How West Windsor Plainsboro Schools Humanize Math | Sue Totaro & Melissa Pearson

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In West Windsor Plainsboro Schools in New Jersey, USA, over 200 teachers working with the district’s K-5 students are integrating empathy and cultural understanding in mathematics (and beyond) through a partnership with Better World Ed. Click the article tab to hear Sue Totaro share more on the power of Better World Ed in West Windsor Plainsboro Schools.


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How West Windsor Plainsboro Schools Humanize Math | Sue Totaro & Melissa Pearson

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In West Windsor Plainsboro Schools in New Jersey, USA, over 200 teachers working with the district’s K-5 students are integrating empathy and understanding in mathematics through a partnership with Better World Ed.


Building relationships. Recognizing perspective. Connecting to a global community. How can educators begin to shift classroom communities to increase global awareness and build a capacity toward inclusive and equitable practices?


Storytelling connects us as human beings, as it helps us recognize the possibility inherent in all and shifts the perspective of even the youngest child outward. We recognize ourselves in each other. We create space for different journeys. Through Better World Ed we have increased the capacity for engaging students in the power of mathematics.


Two West Windsor Plainsboro Schools building principals, my partner (Melissa Pearson), and I were charged with running professional development that integrated global competence, SEL, and K-5 mathematics for our district colleagues. We needed a hook.


“What if we serve chai?”


I love chai. I love the buttery, spicy, first sip, the reminder to slow down, the experience of community when I drink it with friends. The pause, and the conversation.


And If serving chai while we engage teachers in professional development creates a tangible, physical, and sensory experience? Why not?


We served chai. And we introduced Shantanu, one of my favorite people in the world.


We met Shantanu in the first Learning Journey we shared with faculty and with our West Windsor Plainsboro school district administrators. As a chaiwala who loves to build community connections in India, Shantanu (and the story readers) uses math to interact with customers and develop his business. While the Learning Journeys can be used as stand-alone lessons, we tapped into the power of the stories to support the West Windsor Plainsboro Schools Strategic Goals and designed a professional development experience to illustrate the following:


1) We believe all students should have access to rigorous, high-level mathematical content in an environment where risk-taking, deep conceptual understanding, and growth mindset are the norm. The context of the stories builds a connection for the learning, because teachers can search by academic, social, emotional, and global standards so planning for integration and interdisciplinary dives is supported.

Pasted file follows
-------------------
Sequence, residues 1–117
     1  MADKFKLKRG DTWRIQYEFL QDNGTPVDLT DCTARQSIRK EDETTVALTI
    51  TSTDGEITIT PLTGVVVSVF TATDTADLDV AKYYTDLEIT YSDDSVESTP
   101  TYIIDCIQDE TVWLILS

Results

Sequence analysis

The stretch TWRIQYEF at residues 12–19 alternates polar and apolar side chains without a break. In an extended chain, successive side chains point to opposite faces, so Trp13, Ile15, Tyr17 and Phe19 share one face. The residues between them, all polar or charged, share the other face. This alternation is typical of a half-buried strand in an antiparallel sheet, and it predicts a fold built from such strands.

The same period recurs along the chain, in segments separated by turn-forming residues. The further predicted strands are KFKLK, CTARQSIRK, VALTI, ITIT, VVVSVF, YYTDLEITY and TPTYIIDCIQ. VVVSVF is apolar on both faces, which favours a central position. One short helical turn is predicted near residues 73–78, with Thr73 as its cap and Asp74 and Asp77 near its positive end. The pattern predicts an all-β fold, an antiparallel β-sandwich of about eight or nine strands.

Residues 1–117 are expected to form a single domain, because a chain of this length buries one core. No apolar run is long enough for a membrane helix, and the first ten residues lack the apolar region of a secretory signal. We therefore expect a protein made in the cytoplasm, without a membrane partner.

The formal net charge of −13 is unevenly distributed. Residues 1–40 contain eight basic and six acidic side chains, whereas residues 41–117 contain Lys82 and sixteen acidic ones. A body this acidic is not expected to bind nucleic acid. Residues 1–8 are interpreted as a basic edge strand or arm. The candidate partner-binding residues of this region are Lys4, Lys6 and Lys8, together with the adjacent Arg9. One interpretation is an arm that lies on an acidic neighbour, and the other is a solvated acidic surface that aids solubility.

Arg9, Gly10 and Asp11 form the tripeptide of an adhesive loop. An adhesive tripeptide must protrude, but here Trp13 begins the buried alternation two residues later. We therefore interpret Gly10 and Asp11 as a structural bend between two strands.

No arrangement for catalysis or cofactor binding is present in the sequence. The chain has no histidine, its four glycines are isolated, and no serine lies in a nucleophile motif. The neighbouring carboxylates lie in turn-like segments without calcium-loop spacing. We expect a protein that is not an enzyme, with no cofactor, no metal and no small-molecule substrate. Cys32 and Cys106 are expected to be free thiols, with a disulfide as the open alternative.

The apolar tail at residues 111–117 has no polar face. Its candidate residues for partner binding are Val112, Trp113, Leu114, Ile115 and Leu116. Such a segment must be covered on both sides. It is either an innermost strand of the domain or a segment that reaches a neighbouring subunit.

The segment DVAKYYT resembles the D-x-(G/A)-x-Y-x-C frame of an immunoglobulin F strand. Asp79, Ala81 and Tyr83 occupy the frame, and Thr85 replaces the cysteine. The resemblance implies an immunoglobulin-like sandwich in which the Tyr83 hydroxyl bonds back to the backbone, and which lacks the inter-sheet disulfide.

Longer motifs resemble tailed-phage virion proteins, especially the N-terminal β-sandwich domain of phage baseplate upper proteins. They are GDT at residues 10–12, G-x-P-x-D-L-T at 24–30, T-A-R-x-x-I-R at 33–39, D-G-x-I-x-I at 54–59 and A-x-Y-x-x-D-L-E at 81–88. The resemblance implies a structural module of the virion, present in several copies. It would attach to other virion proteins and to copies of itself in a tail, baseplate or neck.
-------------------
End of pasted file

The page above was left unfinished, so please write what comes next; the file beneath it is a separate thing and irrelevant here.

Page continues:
2) The global connections in the Learning Journeys build students’ perspective taking, in turn building a disposition and capacity to impact their community and the world. The authentic tasks provide an opportunity for students to see the power of mathematics in working toward social justice and creating agency.


3) Mathematics should provide students with the opportunity to develop agency, to see themselves as “doers of math.” We structured our professional development so that all of our teachers and administrators could experience the Learning Journey. They watched the video, read the story, checked their assumptions, and then worked together to articulate their thinking around the mathematics. And we drank chai, as a community.



District SEL at West Windsor Plainsboro Schools District Sue Totaro Math Melissa Pearson Shantanu



The National Council of Teachers of Mathematics (NCTM) Catalyzing Change Series describes our responsibility of fostering mathematics identity, agency, and authority in all of our students. The Learning Journeys attend to all three of these aspects of equitable mathematics instruction. Reshaping mathematics so that all children have positive and impactful learning experiences is central to the work that we do. The spaces we create within our mathematics classrooms need to support sense-making by leveraging student’s funds of knowledge. When students see themselves in the learning, we promote a sense of belonging in our mathematics communities. All students are entitled to a classroom that invites discourse, critical thinking, and rich tasks that prompt deep intellectual engagement.


Today, teachers are leaning into the classroom culture they have built with their students to frame their discussions around racism and the historical context of protest in this country. They are listening, validating, and responding in developmentally appropriate language. Teacher after teacher in West Windsor Plainsboro Schools has shared that the experience students have had recognizing the perspective of others through the Learning Journeys created opportunities for them to practice this extraordinarily difficult work during a time of transition, uncertainty, and unimagined change.


by Sue Totaro & Melissa Pearson, West Windsor Plainsboro Schools

How West Windsor Plainsboro Schools Humanize Math | Sue Totaro & Melissa Pearson

Making Math More Human Humanize Math Sue Totaro West Windsor Plainsboro Schools

Hear Sue Totaro, from West Windsor Plainsboro Schools, share more about how we can humanize math together.

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